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Assembly Series

A tradition of convening thought leaders since 1953

McKelvey School of Engineering

Brown School

Machine Learning: An Overview of Fundamentals and Applications

Thursday, April 22, 2021 | 3:00 PM - 4:00 PM

Virtual Event

Join the Secondary Data in Aging Interest Group for this talk presented by Ruopeng An.

Born in the 1950s, artificial intelligence (AI) symbolizes the effort to automate intellectual tasks usually performed by humans. Machine Learning is an AI application that provides computer systems the ability to learn and improve from experience without being explicitly programmed automatically. In the recent decade, machine Learning models have been increasingly recognized as an indispensable tool in the field of health sciences, and their applications are rapidly expanding from outbreak prediction to medical imaging and from patient communication to behavioral modification.

This talk provides an high-level overview of the fundamental concepts and applications of machine learning in health sciences and beyond.

The Secondary Data in Aging Interest Group is an interdisciplinary learning collaborative. Focusing on research using secondary data, this group discusses theoretical and methodological issues and research of policy and programs relevant for a person’s life course and aging.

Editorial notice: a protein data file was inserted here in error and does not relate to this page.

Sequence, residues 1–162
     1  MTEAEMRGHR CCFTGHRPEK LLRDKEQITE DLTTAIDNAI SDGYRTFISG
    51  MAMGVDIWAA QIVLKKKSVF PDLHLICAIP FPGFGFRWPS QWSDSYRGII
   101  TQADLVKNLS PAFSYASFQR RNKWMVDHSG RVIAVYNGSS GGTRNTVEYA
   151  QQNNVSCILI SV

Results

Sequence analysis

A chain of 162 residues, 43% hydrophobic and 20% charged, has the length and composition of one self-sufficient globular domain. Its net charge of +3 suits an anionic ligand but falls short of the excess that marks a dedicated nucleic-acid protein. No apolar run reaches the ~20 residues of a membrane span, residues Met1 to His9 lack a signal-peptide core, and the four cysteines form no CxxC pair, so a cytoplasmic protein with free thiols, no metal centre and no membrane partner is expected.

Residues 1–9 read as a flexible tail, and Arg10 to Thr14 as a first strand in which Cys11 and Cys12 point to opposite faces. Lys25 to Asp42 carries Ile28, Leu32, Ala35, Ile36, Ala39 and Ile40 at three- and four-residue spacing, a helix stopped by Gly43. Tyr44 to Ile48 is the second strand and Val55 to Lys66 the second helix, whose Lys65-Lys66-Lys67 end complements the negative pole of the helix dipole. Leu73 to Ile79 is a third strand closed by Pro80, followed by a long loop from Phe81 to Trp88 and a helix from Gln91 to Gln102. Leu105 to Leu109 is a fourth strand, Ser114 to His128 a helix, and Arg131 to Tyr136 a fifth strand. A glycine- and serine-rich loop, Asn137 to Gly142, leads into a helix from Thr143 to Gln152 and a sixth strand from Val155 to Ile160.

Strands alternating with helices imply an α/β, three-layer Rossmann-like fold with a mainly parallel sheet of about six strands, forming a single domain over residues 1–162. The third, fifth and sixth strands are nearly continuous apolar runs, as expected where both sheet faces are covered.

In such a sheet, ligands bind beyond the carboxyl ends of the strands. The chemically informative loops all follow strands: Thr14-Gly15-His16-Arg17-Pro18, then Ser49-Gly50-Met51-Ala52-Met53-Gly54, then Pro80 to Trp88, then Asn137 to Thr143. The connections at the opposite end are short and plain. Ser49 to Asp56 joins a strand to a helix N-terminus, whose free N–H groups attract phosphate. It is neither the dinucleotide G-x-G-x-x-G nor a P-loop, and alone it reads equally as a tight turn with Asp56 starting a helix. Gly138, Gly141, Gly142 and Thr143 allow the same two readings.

All experience levels, department and university/organization affiliations are invited.

This event will take place via Zoom. Add this event to your calendar to access the Zoom meeting link.

Event Type

Meetings & Conferences


Science & Technology, Medicine & Health



Institute for Public Health
Event Contact

Emily Hickner | ehickner@wustl.edu

Speaker Information

Ruopeng An
Associate Professor, Brown School

Ruopeng An conducts research to assess environmental influences and population-level interventions on weight-related behaviors and outcomes throughout the life course. In particular, his work assesses socioeconomic determinants and policies that impact individuals’ dietary behavior, physical activity, sedentary lifestyle, and adiposity in children, adults of all ages, and people living with a disability.

The goal of his research has been to develop a well-rounded knowledge base and policy recommendations that can inform decision making and the allocation of resources to combat obesity.

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